Honolulu Airport gets its first new gates in nearly 30 years tomorrow (August 27) when the 12-gate Mauka Concourse opens. The $270 million, 230,000-square-foot project will also add six new TSA security checkpoints. Hawaiian Airlines will be the first carrier to use any of the new gates. The opening comes at an odd time: Hawaii Governor David Ige this week urged visitors to stay away from the tourism-dependent state until at least the end of October.
        New York/LaGuardia has gotten its first Minute Suites. Kinda. Sorta. The so-called Minute Suites Express operation is actually five cubicles/workspaces located inside the Bowery Bay Shops in the new Terminal B.
        American Airlines confirms that its Flagship Lounges and private dining rooms will reopen starting next month. New York/Kennedy and Miami operations are first starting on September 14 and September 28 respectively. Other locations--Dallas/Fort Worth, LAX and Chicago/O'Hare--reopen later in the fall.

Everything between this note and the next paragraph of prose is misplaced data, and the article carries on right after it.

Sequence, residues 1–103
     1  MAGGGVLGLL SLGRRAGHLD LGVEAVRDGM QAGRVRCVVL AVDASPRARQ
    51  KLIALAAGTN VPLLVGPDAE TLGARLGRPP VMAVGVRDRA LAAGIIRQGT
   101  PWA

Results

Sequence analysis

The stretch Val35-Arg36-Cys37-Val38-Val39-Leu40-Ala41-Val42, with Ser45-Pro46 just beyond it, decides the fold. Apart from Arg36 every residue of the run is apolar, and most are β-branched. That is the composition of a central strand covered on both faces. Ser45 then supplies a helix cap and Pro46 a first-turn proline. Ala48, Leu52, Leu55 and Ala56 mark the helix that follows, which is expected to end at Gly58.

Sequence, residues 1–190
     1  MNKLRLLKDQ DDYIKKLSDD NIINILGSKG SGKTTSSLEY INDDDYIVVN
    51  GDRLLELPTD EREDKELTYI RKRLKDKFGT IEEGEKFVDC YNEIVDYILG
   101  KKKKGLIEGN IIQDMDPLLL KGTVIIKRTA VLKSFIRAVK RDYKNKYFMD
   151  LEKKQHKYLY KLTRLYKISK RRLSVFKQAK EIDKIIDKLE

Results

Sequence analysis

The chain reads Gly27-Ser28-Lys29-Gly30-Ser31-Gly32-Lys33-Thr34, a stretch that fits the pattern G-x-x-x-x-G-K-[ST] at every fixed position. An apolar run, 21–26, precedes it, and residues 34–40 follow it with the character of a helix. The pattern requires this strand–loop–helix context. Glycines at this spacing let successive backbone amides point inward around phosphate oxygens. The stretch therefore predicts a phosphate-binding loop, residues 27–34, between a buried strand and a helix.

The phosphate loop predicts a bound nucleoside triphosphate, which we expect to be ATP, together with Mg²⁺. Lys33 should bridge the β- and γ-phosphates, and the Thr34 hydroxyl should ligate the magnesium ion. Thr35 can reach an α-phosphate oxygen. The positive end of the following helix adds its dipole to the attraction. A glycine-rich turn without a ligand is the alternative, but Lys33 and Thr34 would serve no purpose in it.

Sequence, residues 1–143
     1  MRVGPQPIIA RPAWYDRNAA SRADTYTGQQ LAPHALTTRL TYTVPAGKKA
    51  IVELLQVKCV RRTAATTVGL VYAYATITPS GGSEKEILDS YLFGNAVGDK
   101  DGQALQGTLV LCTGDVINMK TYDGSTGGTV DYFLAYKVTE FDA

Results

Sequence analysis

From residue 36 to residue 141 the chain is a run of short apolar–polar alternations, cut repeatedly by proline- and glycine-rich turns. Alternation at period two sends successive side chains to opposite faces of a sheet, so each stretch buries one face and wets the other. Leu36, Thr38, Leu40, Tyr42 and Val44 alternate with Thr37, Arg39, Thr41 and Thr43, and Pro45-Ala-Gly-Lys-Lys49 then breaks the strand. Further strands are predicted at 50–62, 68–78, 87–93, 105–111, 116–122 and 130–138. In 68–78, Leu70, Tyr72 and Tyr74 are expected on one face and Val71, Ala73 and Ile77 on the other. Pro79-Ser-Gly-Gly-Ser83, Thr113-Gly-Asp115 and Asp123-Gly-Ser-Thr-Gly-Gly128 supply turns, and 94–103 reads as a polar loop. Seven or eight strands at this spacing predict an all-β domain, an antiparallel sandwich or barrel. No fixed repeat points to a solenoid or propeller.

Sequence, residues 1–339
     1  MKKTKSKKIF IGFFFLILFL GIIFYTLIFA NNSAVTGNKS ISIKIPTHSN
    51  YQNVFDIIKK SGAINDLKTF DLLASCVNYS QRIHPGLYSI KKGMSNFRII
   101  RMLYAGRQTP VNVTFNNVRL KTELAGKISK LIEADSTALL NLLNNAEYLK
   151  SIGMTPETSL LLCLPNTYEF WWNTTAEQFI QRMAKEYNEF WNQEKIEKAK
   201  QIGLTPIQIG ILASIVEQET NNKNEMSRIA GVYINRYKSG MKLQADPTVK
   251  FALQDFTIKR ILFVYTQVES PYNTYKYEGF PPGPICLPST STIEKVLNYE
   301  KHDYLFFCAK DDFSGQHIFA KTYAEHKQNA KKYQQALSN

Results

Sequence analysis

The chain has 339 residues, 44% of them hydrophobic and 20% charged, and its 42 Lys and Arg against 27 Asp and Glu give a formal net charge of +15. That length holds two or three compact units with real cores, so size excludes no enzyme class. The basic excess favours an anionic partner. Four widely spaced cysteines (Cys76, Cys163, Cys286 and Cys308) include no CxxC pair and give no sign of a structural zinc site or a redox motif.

Once upon a time, Qantas Airways said it would resume international flights in October, 2020. Then they were pushed back to March and then to this October. But with Australia still mostly locked down and under-vaccinated, October is off the board, too. The new Qantas plan--don't hold your breath--now envisions flights to Los Angeles, Vancouver and Honolulu to relaunch in mid-December.